Adjudication by Referee-Pro Tem Judge: Through DRS, the parties can select a neutral third party to act as a regular sitting judge to hear a court trial. A court reporter is present and the parties have the right to appeal the judge’s decision as if the matter was heard before a superior court judge. The advantages of this service are that the parties can choose a certain date and conclude the case without interruption.
DRS rates are low. The fee is $300 an hour for up to four parties, with $50 for each additional party. Services can be scheduled within days or weeks of request. All matters are kept confidential by DRS.
With legal disputes, as with family disputes, sometimes a neutral third party is enough to resolve a matter, whereas sometimes a strong hand is needed to decide a dispute. Fortunately, DRS provides both of these services and many more to help resolve cases.
The federal and state courts in Riverside County provide other mediation options, even on appeal. In the March issue of the Riverside Lawyer, you will find articles on the Superior Court’s family law voluntary settlement conferences, mediation in residential real estate transactions, the mediation program in the Central District, and the Court of Appeal’s mediation program. In addition, the Honorable Gary B. Tranbarger (ret) offers a judge’s perspective on mediation and attorney Ed Fernandez describes his journey to becoming a mediator.
Mediation is a critical tool for resolving cases as Riverside County struggles with the loss of judicial resources. The population in Riverside County has more than doubled since 1989, from 1,057,200 then to 2,227,577 in 2012. According to the Judicial Council of California 2013 Statistics Report, Riverside County Superior Court had 5,718 filings per judicial position, the fourth highest number amongst the state’s 58 counties. Riverside County has a verified need for 138 judges and currently has only 76. San Bernardino has 86 judges and commissioners combined, and needs 150. The two courts have the highest number of caseloads per judge in the state for large-population counties.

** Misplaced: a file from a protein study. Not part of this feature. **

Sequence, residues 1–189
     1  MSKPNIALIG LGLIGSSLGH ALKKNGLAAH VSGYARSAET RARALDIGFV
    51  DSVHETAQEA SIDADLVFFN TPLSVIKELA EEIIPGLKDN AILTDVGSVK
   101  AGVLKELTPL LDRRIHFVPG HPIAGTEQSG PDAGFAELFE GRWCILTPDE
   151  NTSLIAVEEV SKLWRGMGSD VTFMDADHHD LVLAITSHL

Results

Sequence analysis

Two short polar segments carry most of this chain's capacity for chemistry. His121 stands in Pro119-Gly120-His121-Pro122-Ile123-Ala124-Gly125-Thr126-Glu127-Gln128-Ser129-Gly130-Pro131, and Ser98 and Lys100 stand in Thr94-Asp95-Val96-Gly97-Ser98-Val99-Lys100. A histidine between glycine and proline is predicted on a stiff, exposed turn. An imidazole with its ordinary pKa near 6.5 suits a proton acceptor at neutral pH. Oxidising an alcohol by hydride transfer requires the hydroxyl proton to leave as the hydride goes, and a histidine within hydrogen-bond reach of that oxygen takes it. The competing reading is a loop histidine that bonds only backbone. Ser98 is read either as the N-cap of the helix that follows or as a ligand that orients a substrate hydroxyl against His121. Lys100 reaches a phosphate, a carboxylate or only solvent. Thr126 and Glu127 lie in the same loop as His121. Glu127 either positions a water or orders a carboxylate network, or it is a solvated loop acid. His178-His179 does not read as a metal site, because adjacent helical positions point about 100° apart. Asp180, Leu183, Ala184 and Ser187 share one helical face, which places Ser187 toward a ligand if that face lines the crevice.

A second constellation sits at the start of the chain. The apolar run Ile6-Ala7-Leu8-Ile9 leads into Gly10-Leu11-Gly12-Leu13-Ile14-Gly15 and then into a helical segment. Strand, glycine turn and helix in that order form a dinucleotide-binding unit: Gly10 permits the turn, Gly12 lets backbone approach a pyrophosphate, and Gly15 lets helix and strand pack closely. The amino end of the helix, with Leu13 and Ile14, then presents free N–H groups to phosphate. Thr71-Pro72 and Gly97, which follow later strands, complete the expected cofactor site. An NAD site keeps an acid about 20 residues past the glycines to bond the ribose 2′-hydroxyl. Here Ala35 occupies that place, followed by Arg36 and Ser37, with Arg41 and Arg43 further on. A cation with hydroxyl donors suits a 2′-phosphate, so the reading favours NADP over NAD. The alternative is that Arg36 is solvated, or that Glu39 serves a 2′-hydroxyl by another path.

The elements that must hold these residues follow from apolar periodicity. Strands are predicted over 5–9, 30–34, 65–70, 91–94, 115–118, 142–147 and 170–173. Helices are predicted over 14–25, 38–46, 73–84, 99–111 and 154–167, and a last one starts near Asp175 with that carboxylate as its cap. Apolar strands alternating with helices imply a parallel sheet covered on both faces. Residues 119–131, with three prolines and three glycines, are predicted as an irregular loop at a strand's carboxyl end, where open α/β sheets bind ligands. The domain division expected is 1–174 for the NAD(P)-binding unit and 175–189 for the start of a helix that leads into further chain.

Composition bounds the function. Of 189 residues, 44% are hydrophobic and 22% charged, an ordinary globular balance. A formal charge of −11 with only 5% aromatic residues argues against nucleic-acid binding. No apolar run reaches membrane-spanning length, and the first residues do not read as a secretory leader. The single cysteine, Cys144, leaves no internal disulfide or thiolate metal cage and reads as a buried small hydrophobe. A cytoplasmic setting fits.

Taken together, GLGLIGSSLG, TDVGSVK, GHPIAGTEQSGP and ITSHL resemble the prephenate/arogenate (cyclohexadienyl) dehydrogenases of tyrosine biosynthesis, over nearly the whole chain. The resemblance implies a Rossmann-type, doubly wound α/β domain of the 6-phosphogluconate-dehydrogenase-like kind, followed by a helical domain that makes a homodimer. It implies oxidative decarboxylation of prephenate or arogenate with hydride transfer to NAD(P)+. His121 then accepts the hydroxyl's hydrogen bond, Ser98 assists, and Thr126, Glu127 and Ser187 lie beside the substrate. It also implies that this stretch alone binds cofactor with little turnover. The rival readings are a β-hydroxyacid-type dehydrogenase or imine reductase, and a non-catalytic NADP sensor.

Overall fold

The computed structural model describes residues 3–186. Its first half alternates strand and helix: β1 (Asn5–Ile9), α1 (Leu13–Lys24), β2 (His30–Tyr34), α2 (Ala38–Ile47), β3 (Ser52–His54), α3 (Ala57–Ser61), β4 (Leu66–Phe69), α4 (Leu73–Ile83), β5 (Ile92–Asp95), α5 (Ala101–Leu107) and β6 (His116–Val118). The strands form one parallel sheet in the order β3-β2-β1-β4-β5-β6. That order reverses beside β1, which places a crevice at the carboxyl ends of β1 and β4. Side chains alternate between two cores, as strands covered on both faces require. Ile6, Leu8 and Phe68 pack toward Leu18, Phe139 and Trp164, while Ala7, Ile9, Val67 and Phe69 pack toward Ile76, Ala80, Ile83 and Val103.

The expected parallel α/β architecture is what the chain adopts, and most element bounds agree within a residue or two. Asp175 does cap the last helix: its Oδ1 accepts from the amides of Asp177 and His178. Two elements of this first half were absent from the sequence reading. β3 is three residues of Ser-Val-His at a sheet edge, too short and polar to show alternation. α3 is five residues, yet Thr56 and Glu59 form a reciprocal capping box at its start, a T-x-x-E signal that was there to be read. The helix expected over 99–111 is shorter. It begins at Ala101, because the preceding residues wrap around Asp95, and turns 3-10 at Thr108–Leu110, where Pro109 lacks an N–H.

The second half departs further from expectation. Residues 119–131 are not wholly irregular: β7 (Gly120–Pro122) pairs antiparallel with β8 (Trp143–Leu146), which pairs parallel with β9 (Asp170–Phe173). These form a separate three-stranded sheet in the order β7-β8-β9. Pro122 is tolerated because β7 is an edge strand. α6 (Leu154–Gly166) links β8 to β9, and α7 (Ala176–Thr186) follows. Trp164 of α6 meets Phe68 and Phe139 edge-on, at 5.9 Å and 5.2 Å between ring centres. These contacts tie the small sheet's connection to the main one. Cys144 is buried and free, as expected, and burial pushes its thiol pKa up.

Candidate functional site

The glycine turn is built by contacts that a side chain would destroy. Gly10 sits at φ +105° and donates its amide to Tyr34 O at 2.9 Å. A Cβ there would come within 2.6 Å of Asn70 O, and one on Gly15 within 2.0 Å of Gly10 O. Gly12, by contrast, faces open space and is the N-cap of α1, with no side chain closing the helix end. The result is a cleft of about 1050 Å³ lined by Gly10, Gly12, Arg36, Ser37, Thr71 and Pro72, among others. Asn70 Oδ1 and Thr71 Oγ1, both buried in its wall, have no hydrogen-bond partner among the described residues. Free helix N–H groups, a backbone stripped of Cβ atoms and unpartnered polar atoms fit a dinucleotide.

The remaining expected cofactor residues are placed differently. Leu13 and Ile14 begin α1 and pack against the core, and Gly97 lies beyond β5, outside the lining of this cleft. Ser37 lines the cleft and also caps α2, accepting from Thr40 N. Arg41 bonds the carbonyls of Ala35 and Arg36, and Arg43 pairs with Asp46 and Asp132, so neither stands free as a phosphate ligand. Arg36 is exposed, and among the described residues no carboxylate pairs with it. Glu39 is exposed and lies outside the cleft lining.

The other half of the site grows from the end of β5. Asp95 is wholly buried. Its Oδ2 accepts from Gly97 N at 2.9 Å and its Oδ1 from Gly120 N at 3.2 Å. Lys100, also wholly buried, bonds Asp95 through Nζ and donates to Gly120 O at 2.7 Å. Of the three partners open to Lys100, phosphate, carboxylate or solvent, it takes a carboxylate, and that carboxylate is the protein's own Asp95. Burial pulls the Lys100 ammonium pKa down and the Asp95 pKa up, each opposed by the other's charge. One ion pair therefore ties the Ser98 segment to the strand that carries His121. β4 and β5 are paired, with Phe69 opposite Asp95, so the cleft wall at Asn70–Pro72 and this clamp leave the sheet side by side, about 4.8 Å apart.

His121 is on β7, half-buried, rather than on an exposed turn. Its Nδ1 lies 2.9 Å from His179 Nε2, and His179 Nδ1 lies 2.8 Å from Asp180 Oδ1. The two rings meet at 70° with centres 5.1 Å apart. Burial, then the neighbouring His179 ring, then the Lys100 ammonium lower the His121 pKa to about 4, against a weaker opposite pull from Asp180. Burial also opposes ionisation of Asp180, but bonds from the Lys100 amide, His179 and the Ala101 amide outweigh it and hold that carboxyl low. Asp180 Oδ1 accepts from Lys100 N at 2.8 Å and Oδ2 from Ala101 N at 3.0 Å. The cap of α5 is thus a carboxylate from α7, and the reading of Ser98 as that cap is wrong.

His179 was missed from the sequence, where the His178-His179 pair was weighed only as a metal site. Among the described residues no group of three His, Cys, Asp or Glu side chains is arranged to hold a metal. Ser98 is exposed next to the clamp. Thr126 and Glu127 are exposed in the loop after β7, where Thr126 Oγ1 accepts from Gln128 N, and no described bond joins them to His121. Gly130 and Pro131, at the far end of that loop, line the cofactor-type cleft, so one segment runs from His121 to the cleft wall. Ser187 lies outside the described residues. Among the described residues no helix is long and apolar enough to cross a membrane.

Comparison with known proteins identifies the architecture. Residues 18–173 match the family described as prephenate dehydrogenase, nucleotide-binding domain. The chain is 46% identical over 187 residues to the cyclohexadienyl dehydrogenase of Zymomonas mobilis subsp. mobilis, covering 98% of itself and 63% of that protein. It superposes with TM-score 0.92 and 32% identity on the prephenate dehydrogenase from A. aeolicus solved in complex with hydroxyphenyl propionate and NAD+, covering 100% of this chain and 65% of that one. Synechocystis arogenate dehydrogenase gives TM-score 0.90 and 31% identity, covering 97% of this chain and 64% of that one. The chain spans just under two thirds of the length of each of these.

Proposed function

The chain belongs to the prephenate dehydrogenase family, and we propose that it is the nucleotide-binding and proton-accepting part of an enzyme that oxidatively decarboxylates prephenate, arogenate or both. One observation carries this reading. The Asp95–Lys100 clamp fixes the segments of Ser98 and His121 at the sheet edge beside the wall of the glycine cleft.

In the Inland Empire, we also have a hard working and underfunded appellate court. The Court of Appeal, Fourth District, Division Two, which serves Riverside, San Bernardino, and Inyo counties, is estimated to have 615,708 residents per appellate justice, the highest number in the state. The next closest appellate court is the Second District, Division Six, with 382,930 residents per justice.
Senate Bill 1190 has been introduced in the California Senate to fund nine new judicial positions in the Riverside and San Bernardino Superior Courts and two appellate justices in the Court of Appeal, Fourth District, Division Two. This bill would include funding for the accompanying staff for each judicial position. The RCBA is actively lobbying the Legislature to pass SB 1190. I encourage you to urge your representatives in Sacramento to support this vital legislation.
Jacqueline Carey-Wilson is a deputy county counsel with San Bernardino County, editor of the Riverside Lawyer, and past president of the Federal Bar Association, Inland Empire Chapter.